Some of the writers regularly featured in Amazing Stories included Jack Williamson, David H. Keller, and Stanton Coblentz, as well as Edward E. Smith with his space opera The Skylark of Space. It was in Amazing Stories that Buck Rogers saw his first appearance in print in Philip Francis Nowlan’s “Armageddon – 2419 AD.”

In 1927, Gernsback introduced a “Discussions” section where readers could comment on the stories and interact with each other. The audience for science fiction was still a smaller community, so this gave fans the chance to connect. Gernsback would print the full address for those who sent letters, which led to direct correspondence between readers. This forum for discussing the genre introduced the concept of the sci-fi fandom.

Gernsback also debuted Amazing Stories Annual in 1927 and when it sold out, he launched Amazing Stories Quarterly to be a regular companion for the main title.

Much of the stories featured gadgetry and inventions until Gernsback recognized that readers were becoming more attracted to fantasy adventures. He started serializing A Merrit’s The Moon Pool, a story that was more about the fantastical elements than scientific basis. The covers Paul created to accompany the stories were considered garish and some readers voiced their disapproval. After a toned down cover sold poorly, they returned to the more shocking covers.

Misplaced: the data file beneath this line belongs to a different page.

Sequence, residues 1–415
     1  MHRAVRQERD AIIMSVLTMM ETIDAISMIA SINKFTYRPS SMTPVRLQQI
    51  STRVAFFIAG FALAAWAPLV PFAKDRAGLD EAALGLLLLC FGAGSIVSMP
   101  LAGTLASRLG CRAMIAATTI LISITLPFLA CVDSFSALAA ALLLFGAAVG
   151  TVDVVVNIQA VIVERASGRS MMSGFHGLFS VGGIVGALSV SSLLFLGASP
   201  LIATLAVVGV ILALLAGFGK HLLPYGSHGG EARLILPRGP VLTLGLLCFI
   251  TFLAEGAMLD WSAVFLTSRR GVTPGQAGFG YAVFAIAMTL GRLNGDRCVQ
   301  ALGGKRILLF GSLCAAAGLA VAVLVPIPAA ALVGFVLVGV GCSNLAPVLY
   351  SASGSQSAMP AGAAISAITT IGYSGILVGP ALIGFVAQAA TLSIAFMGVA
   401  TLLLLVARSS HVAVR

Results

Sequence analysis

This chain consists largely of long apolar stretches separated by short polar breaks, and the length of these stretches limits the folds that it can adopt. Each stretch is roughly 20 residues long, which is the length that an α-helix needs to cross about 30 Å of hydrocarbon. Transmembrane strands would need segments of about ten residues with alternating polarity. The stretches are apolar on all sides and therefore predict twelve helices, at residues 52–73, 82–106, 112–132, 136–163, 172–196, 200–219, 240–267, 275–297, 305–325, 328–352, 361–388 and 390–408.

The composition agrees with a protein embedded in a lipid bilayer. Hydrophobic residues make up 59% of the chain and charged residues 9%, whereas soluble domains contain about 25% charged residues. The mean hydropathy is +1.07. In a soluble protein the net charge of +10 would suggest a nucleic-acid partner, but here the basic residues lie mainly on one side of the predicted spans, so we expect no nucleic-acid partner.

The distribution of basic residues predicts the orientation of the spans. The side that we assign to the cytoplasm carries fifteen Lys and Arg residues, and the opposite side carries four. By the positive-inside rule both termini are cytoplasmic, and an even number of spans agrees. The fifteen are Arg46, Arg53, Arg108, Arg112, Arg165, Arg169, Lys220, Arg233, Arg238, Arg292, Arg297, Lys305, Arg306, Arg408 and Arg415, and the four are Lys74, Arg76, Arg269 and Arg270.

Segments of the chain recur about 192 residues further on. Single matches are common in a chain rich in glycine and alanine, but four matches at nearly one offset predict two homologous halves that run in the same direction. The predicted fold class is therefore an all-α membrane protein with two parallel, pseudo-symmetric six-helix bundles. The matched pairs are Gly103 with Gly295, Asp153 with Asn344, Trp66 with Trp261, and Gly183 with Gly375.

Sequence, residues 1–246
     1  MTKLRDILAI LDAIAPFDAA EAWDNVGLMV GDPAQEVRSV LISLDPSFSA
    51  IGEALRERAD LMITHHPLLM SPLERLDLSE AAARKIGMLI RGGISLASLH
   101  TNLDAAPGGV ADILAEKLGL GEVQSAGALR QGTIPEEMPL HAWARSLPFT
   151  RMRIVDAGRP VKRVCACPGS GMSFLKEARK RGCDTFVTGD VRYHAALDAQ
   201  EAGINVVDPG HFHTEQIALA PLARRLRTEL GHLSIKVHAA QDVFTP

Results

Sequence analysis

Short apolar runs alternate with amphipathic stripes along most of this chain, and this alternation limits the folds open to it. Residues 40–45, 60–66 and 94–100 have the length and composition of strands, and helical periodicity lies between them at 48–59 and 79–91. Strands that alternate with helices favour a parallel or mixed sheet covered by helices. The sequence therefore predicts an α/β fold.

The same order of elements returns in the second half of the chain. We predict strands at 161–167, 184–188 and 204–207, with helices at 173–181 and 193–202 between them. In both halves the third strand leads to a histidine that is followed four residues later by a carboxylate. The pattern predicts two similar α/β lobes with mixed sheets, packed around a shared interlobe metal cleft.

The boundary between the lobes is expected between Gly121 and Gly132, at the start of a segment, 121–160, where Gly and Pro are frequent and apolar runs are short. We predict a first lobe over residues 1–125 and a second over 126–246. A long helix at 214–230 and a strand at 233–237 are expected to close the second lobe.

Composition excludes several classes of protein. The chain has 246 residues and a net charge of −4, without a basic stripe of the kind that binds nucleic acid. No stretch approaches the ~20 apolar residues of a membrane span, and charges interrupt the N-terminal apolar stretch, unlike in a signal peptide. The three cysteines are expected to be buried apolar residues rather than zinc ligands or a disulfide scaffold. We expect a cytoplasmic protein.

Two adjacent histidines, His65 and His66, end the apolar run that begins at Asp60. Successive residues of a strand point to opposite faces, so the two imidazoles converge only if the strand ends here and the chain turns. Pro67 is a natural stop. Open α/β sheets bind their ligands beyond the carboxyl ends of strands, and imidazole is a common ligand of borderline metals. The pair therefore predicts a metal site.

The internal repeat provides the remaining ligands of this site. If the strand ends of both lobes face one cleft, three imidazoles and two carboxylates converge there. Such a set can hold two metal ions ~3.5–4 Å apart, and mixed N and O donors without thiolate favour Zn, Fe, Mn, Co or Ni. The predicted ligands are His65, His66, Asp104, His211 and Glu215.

Issues with the cover were coupled with some poor story quality because Gernsback was unable to secure bigger name writers. He gained a reputation for being slow to pay authors, so more established scribes like H.P. Lovecraft and H.G. Wells were reluctant to write for the magazine. This meant that some of the new stories published in the magazine were written by less talented authors looking to be published even if it meant waiting on payment.

Though the magazine was successful, Gernsback had invested in so many projects that he had limited liquid funds to pay contributors and creditors. In February 1929, his printer and paper supplier filed bankruptcy proceedings against him and Experimenter Publishing declared itself bankrupt a few days later. The magazine was sold to Bergan A. Mackinnon in April 1929.

Since then it has changed hands between publishers but has remained a fairly steady force in science fiction since it initially laid the groundwork for an entire genre in literary publications.

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The Edgar Rice Burroughs / Hugo Gernsback Connection
The Connection: Intro & Bio
Bibliography & Themes
Gernsback Clippings
Hugo's Annual Forecasts
Paul Art for Master Mind
Gernsback Publications
Cover Art Galleries
Master Mind C.H.A.S.E.R.
1. Electrical Experimenter
2. Science and Invention I
3. Science and Invention II